The story of a young girl protecting her sister and defying her government
has swept the nation. The audience undeniably roots for the main character
to survive the grueling conditions of the game and return to her family.
But, in rooting for her to survive, the audience must endure the deaths
of others because in the Hunger Games, it is a fight to death.
There is no doubt that the raved about movie The Hunger Games has its fair
share of gory death scenes. The plot circles around a wealthy Capitol
punishing the poorer surrounding 12 Districts for past rebellion. In punishing
the Districts, each District offers up a boy and a girl between the ages
of 12 and 18 to compete in the Hunger Games in which only one person comes
Violent? Disturbing? Inhumane?
Despite the movie's excellent reviews, the plot line does contradict
values we tend to hold as a society. This is because the actions taken
by many of the characters in The Hunger Games would be sufficient to amount to a
criminal charge under our laws in Texas.
Besides the obvious charges of
murder – that we will discuss later – I think we should start with
the criminal responsibility of some of the characters. Under the Texas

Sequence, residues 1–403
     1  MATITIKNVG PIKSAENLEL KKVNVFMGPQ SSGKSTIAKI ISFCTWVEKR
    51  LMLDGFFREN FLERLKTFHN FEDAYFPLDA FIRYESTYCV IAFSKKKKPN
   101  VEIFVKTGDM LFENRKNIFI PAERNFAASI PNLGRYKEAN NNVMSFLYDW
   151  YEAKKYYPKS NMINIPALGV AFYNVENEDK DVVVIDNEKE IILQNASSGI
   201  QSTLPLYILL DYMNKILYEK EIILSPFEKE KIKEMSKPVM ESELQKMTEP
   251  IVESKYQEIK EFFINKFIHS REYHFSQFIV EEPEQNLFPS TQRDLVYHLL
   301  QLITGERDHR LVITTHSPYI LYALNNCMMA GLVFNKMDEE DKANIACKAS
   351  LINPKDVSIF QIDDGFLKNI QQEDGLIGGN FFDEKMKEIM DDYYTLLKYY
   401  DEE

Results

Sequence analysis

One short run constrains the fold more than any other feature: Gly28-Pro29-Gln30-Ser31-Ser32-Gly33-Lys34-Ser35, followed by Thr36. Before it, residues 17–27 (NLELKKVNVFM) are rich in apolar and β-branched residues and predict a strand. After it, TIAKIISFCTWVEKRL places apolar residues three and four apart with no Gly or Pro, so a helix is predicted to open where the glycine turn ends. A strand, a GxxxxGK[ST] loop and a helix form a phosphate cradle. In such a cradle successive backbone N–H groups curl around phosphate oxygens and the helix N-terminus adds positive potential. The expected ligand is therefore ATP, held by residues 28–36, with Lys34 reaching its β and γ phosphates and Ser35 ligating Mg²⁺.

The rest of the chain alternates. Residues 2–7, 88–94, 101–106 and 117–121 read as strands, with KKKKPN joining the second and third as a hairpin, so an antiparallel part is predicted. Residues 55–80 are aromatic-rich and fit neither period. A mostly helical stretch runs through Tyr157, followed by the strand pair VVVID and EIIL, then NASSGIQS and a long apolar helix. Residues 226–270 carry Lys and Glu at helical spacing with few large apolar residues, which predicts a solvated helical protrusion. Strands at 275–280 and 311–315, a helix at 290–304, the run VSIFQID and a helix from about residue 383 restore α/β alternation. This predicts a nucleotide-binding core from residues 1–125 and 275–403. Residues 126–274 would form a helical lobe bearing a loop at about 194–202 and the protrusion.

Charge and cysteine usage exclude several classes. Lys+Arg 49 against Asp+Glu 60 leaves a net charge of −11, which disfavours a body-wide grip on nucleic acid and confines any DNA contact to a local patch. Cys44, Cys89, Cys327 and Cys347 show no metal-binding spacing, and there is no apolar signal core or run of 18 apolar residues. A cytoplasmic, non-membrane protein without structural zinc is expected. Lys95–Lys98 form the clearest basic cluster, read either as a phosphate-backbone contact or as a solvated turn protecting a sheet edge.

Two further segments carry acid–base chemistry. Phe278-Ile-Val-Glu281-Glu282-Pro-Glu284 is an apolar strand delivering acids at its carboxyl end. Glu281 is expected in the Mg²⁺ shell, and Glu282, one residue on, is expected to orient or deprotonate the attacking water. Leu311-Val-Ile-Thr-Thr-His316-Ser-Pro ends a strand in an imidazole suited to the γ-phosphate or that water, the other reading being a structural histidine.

Penal Code §7.01, a person is considered a party to the offense if
he commits an offense or if someone else that he is criminally responsible
for commits an offense. Each party to an offense may be charged with the
commission of that offense. It also states in the Penal Code §7.02
that a person is criminally responsible for someone else's actions
when he acts with the intent to promote or assist the other's offense,
he solicits, encourages, directs, aids, or attempts to aid the other person
to commit the offense.
Having said that, it is feasable that the government officials may be criminally
responsible for the deaths of the participants during the Hunger Games.
The government encourages, directs, and aids in the killings of the Hunger
The participants could be charged with
murder under the Penal Code § 19.02 here in Texas. To be charged with murder
a person must intentionally or knowingly cause the death of an individual.
All of the participants are intentionally taking the lives of the other
participants in order to be the winner at the end. Participants that kill
multiple times could even be charged with capital murder (§ 19.03).
For a murder to be considered a capital murder, a person must have committed
the crime of murder plus one of the nine aggravating factors. For this
circumstance, the aggravating factor that would apply to the Hunger Game
participants is the murdering of more than one person pursuant to the
same course of conduct – that being the Hunger Games. A charge of
murder is a first degree felony and a capital murder is a capital felony
punished with a
death sentence of life without parole.
Although some of the participants, like Katniss, could be charged with
the murder of other participants, she could use the affirmative defense
of self-defense as well as defense of others. An individual is justified
in defending themselves against another if the individual reasonably believes